Tune In, Log Out is an ethnographic study of an Internet soap opera fan group. Bridging the fields of computer-mediated communication and audience studies, the book shows how verbal and non verbal communicative practices create collaborative interpretations and criticism, group humor, interpersonal relationships, group norms and individual identity. While much has been written about problems and inequities women have encountered online, Nancy K Baym's analysis of a female-dominated group in which female communication styles prevail demonstrates that women can build successful online communities while still welcoming male participation. In addition, a longitudinal look at the development of fan group allows an examination of the endurance of the group’s social structure in the face of the Internet’s tremendous growth. Lively and engaging, Tune In, Log Out provides an entertaining introduction to issues of online and audience community.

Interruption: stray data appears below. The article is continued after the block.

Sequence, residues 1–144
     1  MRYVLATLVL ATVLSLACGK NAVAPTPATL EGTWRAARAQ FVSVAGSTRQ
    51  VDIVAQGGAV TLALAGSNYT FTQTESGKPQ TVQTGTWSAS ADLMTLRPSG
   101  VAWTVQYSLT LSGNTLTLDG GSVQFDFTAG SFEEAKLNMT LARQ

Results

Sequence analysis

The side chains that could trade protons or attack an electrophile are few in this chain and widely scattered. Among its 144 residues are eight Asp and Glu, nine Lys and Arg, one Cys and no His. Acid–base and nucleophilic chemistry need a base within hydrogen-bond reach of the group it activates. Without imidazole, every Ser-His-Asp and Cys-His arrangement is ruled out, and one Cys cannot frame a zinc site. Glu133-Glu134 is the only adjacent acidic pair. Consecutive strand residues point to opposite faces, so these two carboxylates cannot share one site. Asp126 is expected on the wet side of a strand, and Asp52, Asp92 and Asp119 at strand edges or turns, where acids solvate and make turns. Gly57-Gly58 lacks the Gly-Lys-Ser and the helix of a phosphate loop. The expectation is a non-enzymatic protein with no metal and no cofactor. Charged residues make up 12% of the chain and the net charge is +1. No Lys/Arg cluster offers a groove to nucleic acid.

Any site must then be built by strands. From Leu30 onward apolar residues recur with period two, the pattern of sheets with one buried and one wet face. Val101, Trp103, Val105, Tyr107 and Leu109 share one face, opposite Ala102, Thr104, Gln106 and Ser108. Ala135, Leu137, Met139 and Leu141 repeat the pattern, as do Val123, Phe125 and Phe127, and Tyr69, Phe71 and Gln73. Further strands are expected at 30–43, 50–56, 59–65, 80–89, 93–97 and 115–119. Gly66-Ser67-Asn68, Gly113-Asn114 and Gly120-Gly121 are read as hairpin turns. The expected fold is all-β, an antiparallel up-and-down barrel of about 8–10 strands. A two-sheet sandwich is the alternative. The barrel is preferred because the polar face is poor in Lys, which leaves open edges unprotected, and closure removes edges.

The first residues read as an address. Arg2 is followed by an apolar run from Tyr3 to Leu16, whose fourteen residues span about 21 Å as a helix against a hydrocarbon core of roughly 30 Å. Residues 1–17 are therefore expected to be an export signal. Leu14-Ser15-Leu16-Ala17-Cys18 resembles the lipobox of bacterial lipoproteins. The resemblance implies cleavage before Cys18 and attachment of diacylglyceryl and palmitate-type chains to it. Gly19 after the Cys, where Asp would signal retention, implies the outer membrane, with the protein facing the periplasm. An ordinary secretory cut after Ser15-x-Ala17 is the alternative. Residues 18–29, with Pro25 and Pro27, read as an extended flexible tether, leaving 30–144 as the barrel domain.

Interpreting and Comparing Perspectives in the Audience Community

Interpreting and Comparing Perspectives in the Audience Community

Interpreting and comparing perspectives in the audience community

Take a typical scene on a soap opera. The setting is a lobby outside a courtroom where a kidnapping trial is in progress on Port Charles. Lucy paces nervously. When Karen enters the lobby from the courtroom, Lucy asks how the trial is going. Karen tears into her for letting Scott (the man on trial) believe that Lucy was his friend and then testifying against him. Demanding that Lucy never speak to her again, Karen storms off. What even short-term viewers know is that Lucy has only pretended to betray Scott to get information that might clear him. For the plan to work, it must be kept secret from everyone ...

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